Parents Who Take Vacations Live Longer

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Mommy Myth:  We don’t need a vacation.

No Vacation = Heart Attack?  Taking a vacation as a parent.  MythBustingMommy.com

How many parents have put off a vacation because they didn’t have the time, the money, or the desire to travel with little kids in tow?  I’m betting many.  According to a study, as many as 25% of U.S. adults don’t take any vacation during the year.

However, we need vacations from our everyday life.  Not just to clear our minds, but to keep us healthy.

People who don’t take vacations are eight times more likely to develop heart problems or have a heart attack early in life.  Stress takes a serious toll on our cardiovascular system.  Without a break, parts of it can start to wear out before their time.  And those who do have a heart attack are 32% more likely to die from it.  Yikes!  Generally, people are more healthy and productive if they take at least one vacation a year.

So now we know that our health depends on us taking a vacation, but it doesn’t help the other dilemmas of time, money, and the stress of traveling with kids.  Here are some tips of ways to circumvent those problems to get the time off that you need.

Time

  1. Become one with nature.  Don’t have two weeks to spend traveling the country?  Find a weekend, preferably a three-day weekend, and gather your camping gear.  Teach the kids what life is like without an iPad and TV.  Let them get dirty.  Eat lots of s’mores.  Catch fireflies.  Go hiking.  Have a blast.
  2. Explore somewhere new.  Not an outdoorsy-type gal?  Find places to visit within three hours away from you.  It will be far enough away to give you a sense of being somewhere far from home, but not so far the kids get frustrated with the car travel.  Ask friends where they like to go that’s not too far.  You may discover a new resort, cute lodge, or a fun town with lots to explore.  You can easily spend only a few days away but feel like you had a full vacation.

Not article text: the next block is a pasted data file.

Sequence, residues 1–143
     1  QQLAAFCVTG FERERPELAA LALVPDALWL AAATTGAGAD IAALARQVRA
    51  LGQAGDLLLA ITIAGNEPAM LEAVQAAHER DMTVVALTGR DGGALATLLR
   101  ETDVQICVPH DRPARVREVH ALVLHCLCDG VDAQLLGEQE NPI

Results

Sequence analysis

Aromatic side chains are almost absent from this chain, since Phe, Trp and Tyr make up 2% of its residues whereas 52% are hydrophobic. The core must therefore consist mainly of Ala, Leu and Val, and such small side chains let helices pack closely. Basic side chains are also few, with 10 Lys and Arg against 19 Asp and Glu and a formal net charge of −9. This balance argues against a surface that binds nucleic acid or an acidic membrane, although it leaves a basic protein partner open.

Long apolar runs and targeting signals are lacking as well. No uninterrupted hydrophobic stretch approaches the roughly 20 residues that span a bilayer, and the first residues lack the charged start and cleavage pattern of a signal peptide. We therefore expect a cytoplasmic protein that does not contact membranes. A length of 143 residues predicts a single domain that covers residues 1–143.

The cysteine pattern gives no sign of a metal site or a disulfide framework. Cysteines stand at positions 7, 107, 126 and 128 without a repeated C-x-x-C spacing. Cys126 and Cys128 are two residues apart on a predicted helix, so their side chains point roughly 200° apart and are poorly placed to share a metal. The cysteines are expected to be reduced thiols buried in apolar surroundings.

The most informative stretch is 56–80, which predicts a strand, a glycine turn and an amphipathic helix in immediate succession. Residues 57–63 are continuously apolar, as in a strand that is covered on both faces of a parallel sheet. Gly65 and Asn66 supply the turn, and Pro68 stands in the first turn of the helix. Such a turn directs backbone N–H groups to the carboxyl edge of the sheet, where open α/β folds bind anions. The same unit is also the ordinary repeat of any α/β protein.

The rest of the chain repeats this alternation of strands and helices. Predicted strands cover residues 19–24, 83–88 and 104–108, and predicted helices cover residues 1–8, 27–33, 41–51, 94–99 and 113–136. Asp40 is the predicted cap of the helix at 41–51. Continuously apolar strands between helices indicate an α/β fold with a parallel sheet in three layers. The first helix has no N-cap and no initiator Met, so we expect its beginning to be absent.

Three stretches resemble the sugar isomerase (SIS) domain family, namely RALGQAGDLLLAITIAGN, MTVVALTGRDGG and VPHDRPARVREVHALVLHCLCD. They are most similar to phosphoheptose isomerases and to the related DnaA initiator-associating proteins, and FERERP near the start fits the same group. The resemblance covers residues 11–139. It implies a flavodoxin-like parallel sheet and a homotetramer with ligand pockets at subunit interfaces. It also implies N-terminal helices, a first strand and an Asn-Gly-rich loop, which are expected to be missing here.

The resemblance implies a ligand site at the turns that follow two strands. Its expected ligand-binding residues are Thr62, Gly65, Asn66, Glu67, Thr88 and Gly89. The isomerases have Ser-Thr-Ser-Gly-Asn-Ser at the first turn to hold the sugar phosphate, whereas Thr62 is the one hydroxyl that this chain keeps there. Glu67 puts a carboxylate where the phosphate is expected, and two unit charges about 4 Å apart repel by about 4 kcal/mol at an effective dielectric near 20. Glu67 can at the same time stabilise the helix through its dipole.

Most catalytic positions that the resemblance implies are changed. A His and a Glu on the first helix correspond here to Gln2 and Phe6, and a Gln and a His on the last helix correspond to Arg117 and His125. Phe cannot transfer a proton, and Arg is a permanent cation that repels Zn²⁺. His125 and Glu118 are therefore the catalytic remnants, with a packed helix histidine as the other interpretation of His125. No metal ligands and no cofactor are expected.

Money

  1. Talk to friends.  Travelling is expensive, especially lodging.  Recruit your friends to help you find a place to stay.  If you know someone who lives near a place you’d like to visit, ask if you can stay with her for a night or two to decrease hotel costs.  I was chatting with a friend about getting away and she offered the use of her cabin if we ever wanted to go to Michigan for the weekend.  You never know unless you start talking up your vacation ideas.
  2. Look for vacation deals.  We went to the Wisconsin Dells during the “off season”, and got a suite, tickets to the water park, food vouchers, and movie passes for what we would have paid for a normal hotel room.  Deals are everywhere if you keep an eye out.  If you have a few places that you’d really like to go, signup for their email lists and get their deals in your inbox.  Follow a blog that posts vacation deals.  Groupon Getaways also has some amazing vacation deals from hotels to inclusive vacations.
  3. The Staycation.  Staycations (staying at home during your vacation) are great for your wallet, but you can easily just fall back into your regular routine.  If you’re planning to stick around town, have fun outings planned every day.  Act as if you’re on vacation and veer from having to be home for every meal and naptime.  Check out the sites and activities around town.  Go to a festival or fair.  Get out of the house.

Traveling With The Kids